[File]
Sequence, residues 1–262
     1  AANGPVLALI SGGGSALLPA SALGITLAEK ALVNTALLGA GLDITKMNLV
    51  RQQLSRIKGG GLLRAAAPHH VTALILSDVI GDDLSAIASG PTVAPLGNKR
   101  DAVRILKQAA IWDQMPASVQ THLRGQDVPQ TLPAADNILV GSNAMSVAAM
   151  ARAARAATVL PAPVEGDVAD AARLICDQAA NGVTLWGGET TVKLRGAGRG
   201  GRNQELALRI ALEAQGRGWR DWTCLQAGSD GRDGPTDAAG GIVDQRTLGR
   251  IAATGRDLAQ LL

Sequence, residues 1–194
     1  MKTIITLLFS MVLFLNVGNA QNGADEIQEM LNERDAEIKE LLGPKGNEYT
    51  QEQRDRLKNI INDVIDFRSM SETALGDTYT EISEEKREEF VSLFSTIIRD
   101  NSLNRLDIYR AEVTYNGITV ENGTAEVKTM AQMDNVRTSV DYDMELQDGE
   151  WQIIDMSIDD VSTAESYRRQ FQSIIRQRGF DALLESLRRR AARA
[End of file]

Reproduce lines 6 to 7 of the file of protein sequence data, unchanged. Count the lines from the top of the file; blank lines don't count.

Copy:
   201  GRNQELALRI ALEAQGRGWR DWTCLQAGSD GRDGPTDAAG GIVDQRTLGR
   251  IAATGRDLAQ LL